Statements & Remarks

Remarks by Treasury Department’s Counselor for Racial Equity Janis Bowdler at the 2023 U.S. Hispanic Chamber of Commerce National Conference

As Prepared for Delivery 

Thank you Monika for that kind introduction. And a special thank you to Ramiro Cavazos, Nelson Reyneri, and the entire US Hispanic Chamber of Commerce for having me today. It’s an honor to represent the Treasury Department here as the Department’s first Counselor for Racial Equity. Advancing equity for historically underserved people and places is a priority for the Biden-Harris Administration and for the Treasury Department. We believe our efforts have delivered real results that aim to expand opportunities for all Americans to fully participate and compete in the 21st century economy. 

Our work at Treasury is driven by an economic philosophy Secretary Yellen calls “Modern Supply Side Economics,” which recognizes that a key element of our economic growth going forward will come from investing in people, places, and infrastructure that have been marginalized, overlooked, and underestimated. This includes our nation’s numerous Latino communities. 

This is not only a moral imperative, but also an economic necessity. For example, according to McKinsey, Latinos are estimated to account for more than one in four people in the United States by 2050 and one in three of its workers by 2060. 

In June, the Treasury Department partnered with the U.S. Hispanic Chamber of Commerce and several other coalition groups to host the Department’s Latino Economic Summit. This was an important opportunity to reflect on the unique economic challenges and opportunities facing Latino families, businesses, and neighborhoods.

We share a collective understanding that when we unleash the economic potential of Latino communities – it’s not just good for our families, but for our entire economy. In order to build an economy that truly works for all, we must fix the broken systems that sideline too many of our families, businesses, and communities.  

For the Biden-Harris Administration, this strategy started with prioritizing an equitable recovery. I don’t have to remind this group how challenging the situation was at the beginning of 2021 when President Biden took office. 

Latino unemployment reached an all-time high and Latino workers were overrepresented in frontline jobs exposed to COVID-19. In fact, Latinos were 2.3x more likely than white Americans to die from the disease. Many Latino-led non-profits banded together to support vaccine distribution, employment support and training, and care for children and families who were displaced.  

We worked together to ensure Latino communities could take advantage of American Rescue Plan resources such as the Emergency Rental Assistance (ERA) Program and Homeowner Assistance Fund (HAF) – all while ensuring that residents of Puerto Rico were able to benefit from these programs as well.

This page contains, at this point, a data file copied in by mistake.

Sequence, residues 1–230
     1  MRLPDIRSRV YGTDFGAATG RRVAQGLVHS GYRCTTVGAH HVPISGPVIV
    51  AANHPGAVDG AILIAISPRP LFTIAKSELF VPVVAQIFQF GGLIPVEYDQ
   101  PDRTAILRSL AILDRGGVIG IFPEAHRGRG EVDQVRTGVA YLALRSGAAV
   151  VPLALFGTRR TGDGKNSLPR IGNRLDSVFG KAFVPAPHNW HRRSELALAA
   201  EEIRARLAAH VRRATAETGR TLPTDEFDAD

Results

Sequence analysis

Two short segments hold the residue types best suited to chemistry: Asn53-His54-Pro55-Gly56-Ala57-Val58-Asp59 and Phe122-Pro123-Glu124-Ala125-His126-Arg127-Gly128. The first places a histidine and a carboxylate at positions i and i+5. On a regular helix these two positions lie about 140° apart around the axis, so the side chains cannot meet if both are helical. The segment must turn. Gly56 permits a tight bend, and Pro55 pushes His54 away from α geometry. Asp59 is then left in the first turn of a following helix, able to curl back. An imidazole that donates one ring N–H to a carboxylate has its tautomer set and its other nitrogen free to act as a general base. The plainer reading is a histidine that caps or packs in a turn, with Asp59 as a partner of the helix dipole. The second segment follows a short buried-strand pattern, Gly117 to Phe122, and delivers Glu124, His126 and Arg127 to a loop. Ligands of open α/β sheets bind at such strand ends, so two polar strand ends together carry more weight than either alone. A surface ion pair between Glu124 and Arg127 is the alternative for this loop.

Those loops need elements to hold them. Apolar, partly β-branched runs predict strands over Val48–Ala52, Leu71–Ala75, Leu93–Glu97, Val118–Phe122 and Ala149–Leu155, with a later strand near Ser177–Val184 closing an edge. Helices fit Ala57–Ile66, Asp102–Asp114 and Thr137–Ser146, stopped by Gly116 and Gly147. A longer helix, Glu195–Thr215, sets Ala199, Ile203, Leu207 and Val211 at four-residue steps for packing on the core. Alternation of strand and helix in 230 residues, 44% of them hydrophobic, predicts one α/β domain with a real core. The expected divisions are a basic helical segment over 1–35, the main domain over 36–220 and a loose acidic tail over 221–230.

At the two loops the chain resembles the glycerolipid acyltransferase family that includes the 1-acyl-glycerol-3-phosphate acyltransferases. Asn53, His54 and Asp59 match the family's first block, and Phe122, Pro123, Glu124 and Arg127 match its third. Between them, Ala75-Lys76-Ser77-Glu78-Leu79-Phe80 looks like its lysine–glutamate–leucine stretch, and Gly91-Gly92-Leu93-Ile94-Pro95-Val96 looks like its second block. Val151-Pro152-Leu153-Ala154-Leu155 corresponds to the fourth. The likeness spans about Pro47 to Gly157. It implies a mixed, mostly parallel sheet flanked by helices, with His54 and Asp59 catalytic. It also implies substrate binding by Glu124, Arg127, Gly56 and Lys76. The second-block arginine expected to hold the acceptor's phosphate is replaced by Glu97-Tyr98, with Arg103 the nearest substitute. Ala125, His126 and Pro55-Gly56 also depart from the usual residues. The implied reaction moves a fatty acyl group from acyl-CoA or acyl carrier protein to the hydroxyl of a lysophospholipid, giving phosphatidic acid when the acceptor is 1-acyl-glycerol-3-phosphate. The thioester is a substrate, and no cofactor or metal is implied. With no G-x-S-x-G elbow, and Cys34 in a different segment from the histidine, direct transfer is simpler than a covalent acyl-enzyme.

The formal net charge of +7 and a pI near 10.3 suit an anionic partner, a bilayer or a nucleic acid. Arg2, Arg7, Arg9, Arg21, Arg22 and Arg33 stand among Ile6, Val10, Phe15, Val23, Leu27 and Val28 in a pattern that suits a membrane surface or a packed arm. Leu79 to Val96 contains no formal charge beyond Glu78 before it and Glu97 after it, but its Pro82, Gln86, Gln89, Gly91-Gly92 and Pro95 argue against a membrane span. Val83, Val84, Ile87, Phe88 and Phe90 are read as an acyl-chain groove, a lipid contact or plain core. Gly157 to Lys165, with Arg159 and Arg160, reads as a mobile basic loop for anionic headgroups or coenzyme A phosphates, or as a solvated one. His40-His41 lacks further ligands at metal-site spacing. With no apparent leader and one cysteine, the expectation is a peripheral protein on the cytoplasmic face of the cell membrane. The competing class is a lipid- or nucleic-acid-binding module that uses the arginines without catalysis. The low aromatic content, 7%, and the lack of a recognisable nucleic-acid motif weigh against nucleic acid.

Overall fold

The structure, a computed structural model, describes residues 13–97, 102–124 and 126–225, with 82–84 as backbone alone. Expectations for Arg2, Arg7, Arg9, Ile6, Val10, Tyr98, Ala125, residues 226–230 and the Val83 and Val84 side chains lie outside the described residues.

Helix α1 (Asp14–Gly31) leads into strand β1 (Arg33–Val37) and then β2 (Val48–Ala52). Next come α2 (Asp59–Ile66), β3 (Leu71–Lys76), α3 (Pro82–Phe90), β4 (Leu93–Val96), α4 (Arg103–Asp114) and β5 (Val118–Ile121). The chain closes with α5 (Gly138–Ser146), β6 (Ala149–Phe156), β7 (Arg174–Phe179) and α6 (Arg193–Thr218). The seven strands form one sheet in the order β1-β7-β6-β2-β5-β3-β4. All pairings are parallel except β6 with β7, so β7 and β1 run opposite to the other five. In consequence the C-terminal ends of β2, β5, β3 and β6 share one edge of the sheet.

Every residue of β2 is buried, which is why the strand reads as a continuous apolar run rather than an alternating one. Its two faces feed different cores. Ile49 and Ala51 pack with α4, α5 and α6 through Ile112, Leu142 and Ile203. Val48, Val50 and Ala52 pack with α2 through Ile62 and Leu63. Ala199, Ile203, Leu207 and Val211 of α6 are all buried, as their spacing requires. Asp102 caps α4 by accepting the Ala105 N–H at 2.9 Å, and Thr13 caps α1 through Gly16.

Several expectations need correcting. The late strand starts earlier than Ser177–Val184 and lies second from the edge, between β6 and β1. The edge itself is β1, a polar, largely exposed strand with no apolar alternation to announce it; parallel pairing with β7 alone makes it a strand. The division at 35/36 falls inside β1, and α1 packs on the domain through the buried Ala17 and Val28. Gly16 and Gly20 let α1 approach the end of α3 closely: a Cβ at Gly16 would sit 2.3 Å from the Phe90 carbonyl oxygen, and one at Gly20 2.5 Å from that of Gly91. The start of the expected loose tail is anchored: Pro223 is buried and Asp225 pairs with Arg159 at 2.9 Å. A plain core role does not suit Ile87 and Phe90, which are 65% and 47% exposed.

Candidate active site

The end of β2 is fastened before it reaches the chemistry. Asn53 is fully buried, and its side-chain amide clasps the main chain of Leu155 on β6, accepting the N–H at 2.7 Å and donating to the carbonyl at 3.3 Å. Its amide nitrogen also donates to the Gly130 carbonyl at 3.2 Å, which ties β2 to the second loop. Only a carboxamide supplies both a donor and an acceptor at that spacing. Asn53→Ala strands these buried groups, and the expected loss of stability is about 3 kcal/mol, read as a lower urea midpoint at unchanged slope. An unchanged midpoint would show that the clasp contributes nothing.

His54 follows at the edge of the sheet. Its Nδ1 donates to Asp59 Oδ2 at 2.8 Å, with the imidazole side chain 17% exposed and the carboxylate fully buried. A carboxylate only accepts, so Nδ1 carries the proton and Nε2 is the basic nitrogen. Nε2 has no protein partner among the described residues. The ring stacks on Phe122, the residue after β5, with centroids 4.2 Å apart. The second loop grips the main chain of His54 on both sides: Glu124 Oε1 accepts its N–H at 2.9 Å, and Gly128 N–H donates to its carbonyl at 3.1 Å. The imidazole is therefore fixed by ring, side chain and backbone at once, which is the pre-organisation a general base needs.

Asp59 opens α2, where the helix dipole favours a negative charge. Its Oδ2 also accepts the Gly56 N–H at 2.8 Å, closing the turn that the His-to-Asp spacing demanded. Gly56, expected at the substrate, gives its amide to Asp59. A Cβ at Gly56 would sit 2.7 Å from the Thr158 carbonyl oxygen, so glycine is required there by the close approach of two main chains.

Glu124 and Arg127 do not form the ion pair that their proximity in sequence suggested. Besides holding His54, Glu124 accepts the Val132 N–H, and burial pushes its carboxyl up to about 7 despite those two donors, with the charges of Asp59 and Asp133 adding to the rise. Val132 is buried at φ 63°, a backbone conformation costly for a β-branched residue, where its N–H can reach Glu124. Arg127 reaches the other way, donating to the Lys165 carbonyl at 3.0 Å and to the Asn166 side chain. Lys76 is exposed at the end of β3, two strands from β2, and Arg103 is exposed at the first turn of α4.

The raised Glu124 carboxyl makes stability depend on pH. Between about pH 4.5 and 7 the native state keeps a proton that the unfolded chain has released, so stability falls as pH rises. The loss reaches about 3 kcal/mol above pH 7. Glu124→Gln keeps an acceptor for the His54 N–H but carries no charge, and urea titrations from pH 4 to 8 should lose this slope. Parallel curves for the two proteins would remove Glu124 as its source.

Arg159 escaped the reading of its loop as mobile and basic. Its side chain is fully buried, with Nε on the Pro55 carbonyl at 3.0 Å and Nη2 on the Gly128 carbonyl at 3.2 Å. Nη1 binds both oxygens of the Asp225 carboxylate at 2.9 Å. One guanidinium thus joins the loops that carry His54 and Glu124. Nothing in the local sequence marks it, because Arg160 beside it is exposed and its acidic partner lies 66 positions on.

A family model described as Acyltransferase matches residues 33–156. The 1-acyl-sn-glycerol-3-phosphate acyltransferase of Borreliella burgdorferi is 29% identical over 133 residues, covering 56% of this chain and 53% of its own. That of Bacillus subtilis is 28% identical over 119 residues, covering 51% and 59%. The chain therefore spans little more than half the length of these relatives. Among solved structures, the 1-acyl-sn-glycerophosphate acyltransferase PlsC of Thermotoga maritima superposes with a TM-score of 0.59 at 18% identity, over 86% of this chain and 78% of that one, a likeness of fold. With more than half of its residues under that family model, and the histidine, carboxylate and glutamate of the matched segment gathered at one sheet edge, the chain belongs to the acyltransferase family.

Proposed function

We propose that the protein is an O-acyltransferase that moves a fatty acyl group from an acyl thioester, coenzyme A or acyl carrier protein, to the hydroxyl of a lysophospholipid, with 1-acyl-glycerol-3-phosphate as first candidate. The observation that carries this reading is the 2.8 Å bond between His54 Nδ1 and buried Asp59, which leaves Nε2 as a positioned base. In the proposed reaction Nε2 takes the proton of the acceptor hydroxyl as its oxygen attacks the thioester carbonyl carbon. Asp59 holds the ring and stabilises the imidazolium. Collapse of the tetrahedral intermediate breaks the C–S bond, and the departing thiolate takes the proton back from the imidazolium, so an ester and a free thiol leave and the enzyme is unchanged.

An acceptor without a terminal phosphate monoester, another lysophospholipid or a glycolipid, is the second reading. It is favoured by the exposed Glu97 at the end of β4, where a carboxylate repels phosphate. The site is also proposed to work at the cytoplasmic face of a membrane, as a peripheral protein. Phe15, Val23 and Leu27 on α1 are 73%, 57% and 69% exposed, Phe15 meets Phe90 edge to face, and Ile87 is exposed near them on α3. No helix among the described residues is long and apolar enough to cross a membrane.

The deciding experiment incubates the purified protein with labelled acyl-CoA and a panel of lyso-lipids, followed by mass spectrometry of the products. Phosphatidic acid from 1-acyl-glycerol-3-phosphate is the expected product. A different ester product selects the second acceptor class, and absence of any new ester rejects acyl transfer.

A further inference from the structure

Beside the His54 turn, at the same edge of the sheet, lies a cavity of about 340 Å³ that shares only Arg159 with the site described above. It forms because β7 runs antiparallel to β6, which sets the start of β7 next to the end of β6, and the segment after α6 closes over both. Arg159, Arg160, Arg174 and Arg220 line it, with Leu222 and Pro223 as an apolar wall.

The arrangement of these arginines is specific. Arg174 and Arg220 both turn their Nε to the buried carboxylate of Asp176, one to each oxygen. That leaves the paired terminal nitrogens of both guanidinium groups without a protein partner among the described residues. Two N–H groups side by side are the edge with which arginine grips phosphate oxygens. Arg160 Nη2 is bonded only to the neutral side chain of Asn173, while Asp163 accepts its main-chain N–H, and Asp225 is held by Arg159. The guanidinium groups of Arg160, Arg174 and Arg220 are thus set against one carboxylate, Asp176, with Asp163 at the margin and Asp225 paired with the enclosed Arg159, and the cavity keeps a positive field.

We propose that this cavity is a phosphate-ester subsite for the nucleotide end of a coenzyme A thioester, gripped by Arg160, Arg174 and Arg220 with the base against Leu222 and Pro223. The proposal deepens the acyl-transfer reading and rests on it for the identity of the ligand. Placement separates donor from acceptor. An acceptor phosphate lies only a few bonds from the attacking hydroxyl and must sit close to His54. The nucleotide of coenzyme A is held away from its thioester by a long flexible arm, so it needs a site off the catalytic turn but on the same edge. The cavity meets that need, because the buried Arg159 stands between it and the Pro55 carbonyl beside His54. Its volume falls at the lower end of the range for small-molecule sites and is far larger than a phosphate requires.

In order to prevent evictions and foreclosures among Latino and other communities, we encouraged state and local ERA and HAF programs to use data to identify community needs, invest in culturally relevant partners, and work with Hispanic media, unions, and faith leaders to reach families most in need. 

Our efforts paid off. These programs helped keep Latino families in their homes, preventing the kind of massive displacement and wealth loss we saw between 2008 and 2012. Research has found that nearly one-third of ERA rental assistance funds went to Hispanic households, and 20 percent of homeowners assisted by the HAF program self-identified as Hispanic.

This is deeply personal for me. During the years of the Great Recession, I was leading the effort at UnidosUS – then National Council of La Raza – to secure new mortgage protections for Latino families and hosting foreclosure rescue fairs in Latino communities around the country. I authored a report on the impact of foreclosures on Latino families and children. I sat with families who lost everything, and it was utterly heartbreaking. The fact that we avoided massive evictions and foreclosures this time around was not a foregone conclusion – it took deliberate policy and partnerships with trusted organizations.

During this Administration, we have taken significant steps to not just recover, but to build a fairer economy. And even as there is more to do, we have made progress. Our work has led to the most equitable, broad-based economic recovery in modern history. Hispanic unemployment hit a record low last September. From 2019 to 2022, median weekly earnings increased 2.4 percent for Hispanic workers after accounting for inflation. And nearly one-quarter of all new entrepreneurs in 2021 were Latino. 

We are taking these lessons and applying them to opportunities to build assets and intergenerational wealth through key Biden-Harris initiatives such the Bipartisan Infrastructure Law (BIL), CHIPS and Science Act, and Inflation Reduction Act (IRA).

I want to share with you five key initiatives at the center of this strategy: 

First, we’re responding to the two things small businesses need most – access to customers and capital.

  • The State Small Business Credit Initiative (SSBCI), reauthorized and expanded by the American Rescue Plan, provides nearly $10 billion to states, the District of Columbia, territories, and Tribal governments to increase access to capital and promote entrepreneurship. This includes $2.5 billion in funding and incentives to support underserved businesses.
  • SSBCI also includes $200 million for eligible jurisdictions to provide technical assistance to underserved entrepreneurs and very small businesses. And Treasury has partnered with the Minority Business Development Agency (MBDA) to provide an additional $125 million for MBDA’s Capital Readiness grant program to help minority and other underserved entrepreneurs launch and scale their businesses.